But unlike my Hurriyet columns, you'll see that the unedited and final versions are a lot different- that goes for the title as well. Well, that's normal, as it had to go through two different editors. But even though it was a long process, they did a very tedious job, so many thanks to them as well. So, here we go:
The Greek fiscal tragedy playing across the Aegean has turned into a daytime soap opera in the past couple of weeks.
First, a European Commission report condemned the Greek authorities for falsifying budget data. It was then no surprise that the government’s Stability and Growth Program, or SBP, released a couple of days after the EC condemnation, was not taken seriously by markets. The climax was reached last week, as Greek credit-default swaps, which insure against default, hit record levels.
Monday’s first bond issue of the year quelled worries a bit, as investors flocked to the generous yields. The successful auction hints that, contrary to the consensus view, the government may not run into much trouble meeting its financing needs in the short term, but as long as its budget situation continues to hang like the sword of Damocles, the country faces at best a slow death from rising interest rates, as Moody’s rightly concluded in a recent report.
To predict how this drama will conclude, it is necessary to summarize how the Greeks came to this fiscal mess in the first place. Part of Greece’s woes is common to the Euro Zone: A currency union that has tighter monetary policy than the other major economies and a currency that is overvalued. Moreover, peripheral countries have fallen behind in competitiveness, and Greece distinguishes itself from the periphery with a large shadow economy and large public expenditures.
It is these structural problems and the lack of monetary policy or exchange rate devaluation as policy options that have left the Mediterranean quartet of Portugal, Italy, Greece and Spain, the so-called PIGS, and to some extent Ireland, with messy budgets. However, Greece stands out from the crowd by having both a high deficit and a large debt to GDP ratio.
So the ambitious deficit reduction plan of the SBP, which sees the deficit down from 12.7 percent last year to 3 percent in 2012, should have been welcomed. But for one thing, about two thirds of the adjustment is coming from revenue increases and one-off items, which depend on overoptimistic assumptions on growth and registering the shadow economy. Without any support from monetary or fiscal policy unable to devaluate itself out, it is also not clear how the economy could grow 1.5 and 1.9 percent in the next two years.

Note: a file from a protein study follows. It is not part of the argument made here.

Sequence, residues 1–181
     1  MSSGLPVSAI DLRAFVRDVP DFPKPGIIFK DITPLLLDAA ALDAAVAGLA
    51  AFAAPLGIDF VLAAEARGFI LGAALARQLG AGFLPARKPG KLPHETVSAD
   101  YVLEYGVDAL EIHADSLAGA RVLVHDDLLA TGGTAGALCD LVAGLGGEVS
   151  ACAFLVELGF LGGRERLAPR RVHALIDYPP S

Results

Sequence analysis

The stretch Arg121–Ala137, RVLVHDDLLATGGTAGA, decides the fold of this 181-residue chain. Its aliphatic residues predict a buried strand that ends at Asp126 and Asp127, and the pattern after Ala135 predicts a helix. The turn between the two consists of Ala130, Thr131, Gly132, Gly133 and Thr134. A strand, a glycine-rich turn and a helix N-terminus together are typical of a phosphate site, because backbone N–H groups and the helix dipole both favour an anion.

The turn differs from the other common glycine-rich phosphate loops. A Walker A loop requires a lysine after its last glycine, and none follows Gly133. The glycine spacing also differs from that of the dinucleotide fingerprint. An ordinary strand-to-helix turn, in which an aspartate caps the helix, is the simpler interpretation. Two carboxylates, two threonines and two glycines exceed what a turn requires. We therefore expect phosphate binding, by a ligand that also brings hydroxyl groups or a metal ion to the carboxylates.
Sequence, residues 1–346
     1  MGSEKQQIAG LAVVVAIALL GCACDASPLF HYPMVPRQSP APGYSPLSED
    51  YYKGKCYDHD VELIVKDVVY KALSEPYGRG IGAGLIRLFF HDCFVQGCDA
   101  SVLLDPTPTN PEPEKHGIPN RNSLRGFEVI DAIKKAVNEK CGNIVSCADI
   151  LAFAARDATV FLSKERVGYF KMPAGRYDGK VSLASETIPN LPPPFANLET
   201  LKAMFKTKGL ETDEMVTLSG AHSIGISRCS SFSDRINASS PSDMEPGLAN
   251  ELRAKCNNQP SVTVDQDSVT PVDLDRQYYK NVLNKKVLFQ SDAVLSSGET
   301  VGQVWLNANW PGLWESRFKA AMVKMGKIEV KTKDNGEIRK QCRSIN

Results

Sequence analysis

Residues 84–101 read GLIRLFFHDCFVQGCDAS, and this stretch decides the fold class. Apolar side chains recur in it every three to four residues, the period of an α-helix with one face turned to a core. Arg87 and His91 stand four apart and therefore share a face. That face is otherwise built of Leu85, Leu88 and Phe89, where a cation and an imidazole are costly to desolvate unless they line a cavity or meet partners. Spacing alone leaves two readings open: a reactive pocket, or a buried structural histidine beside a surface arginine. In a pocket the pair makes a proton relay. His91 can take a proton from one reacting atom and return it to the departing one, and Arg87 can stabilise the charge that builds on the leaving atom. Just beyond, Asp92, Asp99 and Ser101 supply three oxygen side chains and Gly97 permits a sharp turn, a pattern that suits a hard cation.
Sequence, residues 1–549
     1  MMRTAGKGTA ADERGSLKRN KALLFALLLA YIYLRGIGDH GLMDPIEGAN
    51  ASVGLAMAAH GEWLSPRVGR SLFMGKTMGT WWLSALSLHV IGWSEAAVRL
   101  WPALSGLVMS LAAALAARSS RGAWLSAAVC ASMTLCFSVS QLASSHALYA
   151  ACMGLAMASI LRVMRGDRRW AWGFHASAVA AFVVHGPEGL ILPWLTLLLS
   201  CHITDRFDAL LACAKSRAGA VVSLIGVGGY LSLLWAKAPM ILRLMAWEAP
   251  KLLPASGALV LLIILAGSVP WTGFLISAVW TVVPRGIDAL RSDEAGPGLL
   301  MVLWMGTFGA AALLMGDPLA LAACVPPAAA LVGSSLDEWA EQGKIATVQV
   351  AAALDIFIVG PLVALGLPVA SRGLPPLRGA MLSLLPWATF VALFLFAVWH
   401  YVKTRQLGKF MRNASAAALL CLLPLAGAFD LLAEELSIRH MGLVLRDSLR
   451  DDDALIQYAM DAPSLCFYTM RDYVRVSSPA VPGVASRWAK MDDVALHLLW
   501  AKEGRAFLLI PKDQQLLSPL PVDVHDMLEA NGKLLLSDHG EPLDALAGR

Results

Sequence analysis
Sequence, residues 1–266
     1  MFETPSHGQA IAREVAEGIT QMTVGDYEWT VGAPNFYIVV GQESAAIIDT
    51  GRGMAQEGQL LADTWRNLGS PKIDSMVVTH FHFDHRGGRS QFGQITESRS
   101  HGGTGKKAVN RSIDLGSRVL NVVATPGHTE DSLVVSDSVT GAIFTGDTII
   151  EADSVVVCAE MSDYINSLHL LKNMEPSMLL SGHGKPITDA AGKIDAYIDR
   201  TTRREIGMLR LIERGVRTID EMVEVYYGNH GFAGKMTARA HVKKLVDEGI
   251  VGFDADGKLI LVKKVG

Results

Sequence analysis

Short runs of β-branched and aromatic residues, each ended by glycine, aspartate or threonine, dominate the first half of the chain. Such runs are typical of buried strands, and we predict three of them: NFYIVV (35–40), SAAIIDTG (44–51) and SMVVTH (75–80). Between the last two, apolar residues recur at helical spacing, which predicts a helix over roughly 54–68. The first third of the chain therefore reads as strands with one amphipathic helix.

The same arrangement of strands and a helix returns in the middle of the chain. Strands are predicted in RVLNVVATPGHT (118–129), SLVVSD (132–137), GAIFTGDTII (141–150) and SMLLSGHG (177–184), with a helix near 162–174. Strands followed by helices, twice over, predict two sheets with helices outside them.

What if the SBP does not work out? The options then would be a bailout, leaving the Euro Zone and the dreaded d of default/ debt restructuring. An EU bailout has been ruled out by officials, with the German Finance Ministry stating clearly that “Greece must solve its own problems through its own efforts”. Leaving the Euro Zone, on the other hand, would mean complete catastrophe, to paraphrase Nikos Kazantzakis' Zorba, as Greek Central Bank Governor Georege Provopoulos articulates in a recent Financial Times column.
Even if Greece were to leave the Euro Zone or bailed out by the EU or the IMF, it would eventually have to face fiscal consolidation or resort to the dreaded d. In fact, all the options other than fiscal consolidation would bear huge costs not only for Greece, but also on the Euro Zone and the Emerging Europe.
First, there will be direct damage to countries with strong trade linkages with Greece and where Greek banks have large operations, such as Bulgaria and Serbia. Countries with similar fiscal woes, such as the other PIGS as well as Hungary and Latvia, are likely to be affected as well. But most importantly, it is the Euro Zone’s reputation and stability, which is at stake.
At the end of the day, these costs are so great that a return to the national currency drachma is very unlikely. So is the possibility that Greece will initiate an Ouzo Crisis in the Euro Zone and Emerging Europe, similar to the Latin American tequila crisis of the mid-nineties. The most likely outcome is that the Greek government will have to swallow the pills one way or the other and put its books to order, at the expense of large expenditure cuts and a deep recession.
To offer some comfort to my Greek readers, I should add that there are other countries suffering from the familiar Mediterranean disease of relying too much on overoptimistic revenues and not daring to undertake the essential expenditure cuts. For example, Portugal, which I identified as a risky country off the markets’ radar more than a month ago, is now vying for the spotlight.
Turkey is a country that has been forgotten in this Euro Zone melee. Its fiscal accounts are obviously nowhere as wretched as Greece’s, especially if you do simple number comparisons at the expense of ignoring country specifics.
But it is another Mediterranean country suffering from the same Mediterranean disease and treading rough fiscal waters, with largely underpriced risks.